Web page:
# Why did the Maser amplify microwaves and not visible light?

The first "Laser", the Maser, amplified stimulated microwave emissions, rather than visible light that is the most common thing today. Why?

If we take a simple example, and consider the ratio of the rate of spondaneous emission and stimulated emission

$$Ratio = \frac{R_{spont.}}{R_{stim.}} = e^{\frac{h\nu}{kT}} -1$$

Comparing two different cases: 1) a microwave source operating at a frequency of $10^{10}$Hz and at 300K, and 2) a tungsten lamp with operating at a frequency of $5\times10^{14}$ at 2000 K. The ratios become $R_{Tungsten} = 163605$ and $R_{Microwave} = 1.60198\times 10^{-9}$. So, clearly, the probability of stimulated emission is much higher for longer wavelengths.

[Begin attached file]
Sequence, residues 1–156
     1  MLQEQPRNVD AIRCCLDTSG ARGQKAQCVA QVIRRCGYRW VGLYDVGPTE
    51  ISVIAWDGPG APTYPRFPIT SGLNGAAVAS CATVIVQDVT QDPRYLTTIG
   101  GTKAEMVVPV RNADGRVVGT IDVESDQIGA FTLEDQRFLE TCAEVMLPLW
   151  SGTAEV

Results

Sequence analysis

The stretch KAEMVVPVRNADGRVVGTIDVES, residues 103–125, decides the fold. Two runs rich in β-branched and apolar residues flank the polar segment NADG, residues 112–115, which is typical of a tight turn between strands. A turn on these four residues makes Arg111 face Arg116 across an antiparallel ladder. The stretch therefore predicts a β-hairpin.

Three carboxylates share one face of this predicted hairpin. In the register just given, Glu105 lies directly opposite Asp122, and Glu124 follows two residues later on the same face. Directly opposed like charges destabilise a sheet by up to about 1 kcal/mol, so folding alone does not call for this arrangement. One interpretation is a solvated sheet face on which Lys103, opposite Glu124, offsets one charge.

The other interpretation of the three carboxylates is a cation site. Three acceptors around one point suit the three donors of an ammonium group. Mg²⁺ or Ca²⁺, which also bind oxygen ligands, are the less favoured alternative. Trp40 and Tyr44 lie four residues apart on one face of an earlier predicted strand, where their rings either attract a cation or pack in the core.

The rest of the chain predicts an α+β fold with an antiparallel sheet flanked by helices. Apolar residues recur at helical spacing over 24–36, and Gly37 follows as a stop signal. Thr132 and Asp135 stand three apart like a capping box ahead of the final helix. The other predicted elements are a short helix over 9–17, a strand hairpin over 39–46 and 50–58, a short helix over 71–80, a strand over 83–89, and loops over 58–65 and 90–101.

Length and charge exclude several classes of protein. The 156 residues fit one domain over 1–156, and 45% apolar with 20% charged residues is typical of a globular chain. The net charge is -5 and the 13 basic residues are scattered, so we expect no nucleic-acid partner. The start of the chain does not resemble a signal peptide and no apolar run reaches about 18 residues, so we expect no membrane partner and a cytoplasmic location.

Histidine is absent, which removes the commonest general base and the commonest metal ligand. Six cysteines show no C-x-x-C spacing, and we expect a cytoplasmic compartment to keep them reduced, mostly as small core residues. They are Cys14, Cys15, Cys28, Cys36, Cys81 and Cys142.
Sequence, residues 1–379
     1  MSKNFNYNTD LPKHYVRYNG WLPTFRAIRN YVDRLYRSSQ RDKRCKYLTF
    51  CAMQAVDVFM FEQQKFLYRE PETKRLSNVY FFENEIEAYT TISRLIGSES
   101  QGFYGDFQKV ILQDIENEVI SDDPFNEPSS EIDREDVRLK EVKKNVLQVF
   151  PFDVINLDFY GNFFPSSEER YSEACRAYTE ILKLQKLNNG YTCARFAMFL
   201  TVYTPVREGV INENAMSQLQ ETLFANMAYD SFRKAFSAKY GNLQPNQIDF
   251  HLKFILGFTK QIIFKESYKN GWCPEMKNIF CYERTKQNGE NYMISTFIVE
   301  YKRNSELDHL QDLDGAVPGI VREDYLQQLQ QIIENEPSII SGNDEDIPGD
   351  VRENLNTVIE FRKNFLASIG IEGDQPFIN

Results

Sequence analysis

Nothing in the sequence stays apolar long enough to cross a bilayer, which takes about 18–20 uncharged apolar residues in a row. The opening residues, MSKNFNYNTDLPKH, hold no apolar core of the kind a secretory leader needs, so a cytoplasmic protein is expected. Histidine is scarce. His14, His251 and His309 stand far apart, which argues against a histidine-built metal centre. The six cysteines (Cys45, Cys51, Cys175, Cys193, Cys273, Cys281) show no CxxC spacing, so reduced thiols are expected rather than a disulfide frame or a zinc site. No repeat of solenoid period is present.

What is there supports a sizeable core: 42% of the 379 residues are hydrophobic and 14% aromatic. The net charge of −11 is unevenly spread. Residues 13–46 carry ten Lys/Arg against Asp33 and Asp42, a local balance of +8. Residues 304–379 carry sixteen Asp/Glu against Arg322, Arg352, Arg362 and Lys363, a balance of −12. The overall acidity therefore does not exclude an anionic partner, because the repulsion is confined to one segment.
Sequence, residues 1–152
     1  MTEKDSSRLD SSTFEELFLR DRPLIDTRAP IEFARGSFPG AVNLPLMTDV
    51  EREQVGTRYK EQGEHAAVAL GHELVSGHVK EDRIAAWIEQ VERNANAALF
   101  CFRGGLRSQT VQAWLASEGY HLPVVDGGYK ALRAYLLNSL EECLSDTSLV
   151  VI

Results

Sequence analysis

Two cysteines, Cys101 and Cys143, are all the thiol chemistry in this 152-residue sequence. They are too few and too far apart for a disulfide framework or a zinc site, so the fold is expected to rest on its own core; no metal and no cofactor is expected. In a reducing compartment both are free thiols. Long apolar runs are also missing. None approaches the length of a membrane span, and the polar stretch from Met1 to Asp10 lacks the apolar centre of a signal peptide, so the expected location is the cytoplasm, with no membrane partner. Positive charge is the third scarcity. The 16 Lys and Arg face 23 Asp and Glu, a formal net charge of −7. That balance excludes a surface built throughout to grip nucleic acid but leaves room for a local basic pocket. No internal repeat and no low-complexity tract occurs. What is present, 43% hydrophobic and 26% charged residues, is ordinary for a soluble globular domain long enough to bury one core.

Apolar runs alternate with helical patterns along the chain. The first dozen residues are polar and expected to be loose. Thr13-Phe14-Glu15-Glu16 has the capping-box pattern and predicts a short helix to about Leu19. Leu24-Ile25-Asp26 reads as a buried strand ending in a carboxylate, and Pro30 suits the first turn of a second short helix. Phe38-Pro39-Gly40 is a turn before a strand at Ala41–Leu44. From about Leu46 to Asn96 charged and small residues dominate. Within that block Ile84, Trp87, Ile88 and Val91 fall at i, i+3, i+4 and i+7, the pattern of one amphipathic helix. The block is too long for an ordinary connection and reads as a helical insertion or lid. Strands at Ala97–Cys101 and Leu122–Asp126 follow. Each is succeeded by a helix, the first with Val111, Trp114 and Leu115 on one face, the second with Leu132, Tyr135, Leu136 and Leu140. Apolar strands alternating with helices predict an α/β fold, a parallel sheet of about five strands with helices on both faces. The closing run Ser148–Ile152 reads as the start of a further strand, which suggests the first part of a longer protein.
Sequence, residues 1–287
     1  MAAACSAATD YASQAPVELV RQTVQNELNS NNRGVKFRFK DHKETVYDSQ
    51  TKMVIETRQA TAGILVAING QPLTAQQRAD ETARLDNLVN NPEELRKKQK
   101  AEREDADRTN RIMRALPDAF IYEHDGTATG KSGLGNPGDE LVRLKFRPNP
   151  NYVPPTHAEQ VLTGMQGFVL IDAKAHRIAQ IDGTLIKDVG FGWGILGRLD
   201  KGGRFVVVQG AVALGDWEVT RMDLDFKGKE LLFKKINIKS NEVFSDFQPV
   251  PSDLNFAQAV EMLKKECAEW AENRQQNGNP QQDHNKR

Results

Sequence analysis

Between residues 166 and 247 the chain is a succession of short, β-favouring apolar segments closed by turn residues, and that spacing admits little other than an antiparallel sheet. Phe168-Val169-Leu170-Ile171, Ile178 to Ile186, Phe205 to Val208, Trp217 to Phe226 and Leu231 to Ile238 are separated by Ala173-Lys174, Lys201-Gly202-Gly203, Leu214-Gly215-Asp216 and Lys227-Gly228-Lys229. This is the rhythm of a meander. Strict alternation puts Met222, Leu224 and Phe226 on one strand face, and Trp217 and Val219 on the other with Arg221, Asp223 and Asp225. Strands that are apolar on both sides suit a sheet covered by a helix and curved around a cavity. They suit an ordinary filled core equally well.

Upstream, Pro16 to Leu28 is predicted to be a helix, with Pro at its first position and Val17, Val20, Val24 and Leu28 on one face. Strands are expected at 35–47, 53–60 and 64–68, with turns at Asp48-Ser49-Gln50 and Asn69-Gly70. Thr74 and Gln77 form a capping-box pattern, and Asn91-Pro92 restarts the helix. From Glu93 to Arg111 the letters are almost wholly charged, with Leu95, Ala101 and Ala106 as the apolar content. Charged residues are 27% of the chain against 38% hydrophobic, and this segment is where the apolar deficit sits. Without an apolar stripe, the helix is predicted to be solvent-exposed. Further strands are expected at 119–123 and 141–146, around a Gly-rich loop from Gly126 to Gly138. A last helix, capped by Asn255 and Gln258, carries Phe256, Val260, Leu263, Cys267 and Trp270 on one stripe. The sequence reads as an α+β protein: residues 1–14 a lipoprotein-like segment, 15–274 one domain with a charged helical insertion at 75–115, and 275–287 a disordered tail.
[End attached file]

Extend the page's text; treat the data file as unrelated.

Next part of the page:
Using these results, why did the Maser come before the Laser? I can understand that perhaps the Maser resulted in a higher intensity beam than a Laser would at that time, but I suppose they could still make a working Laser.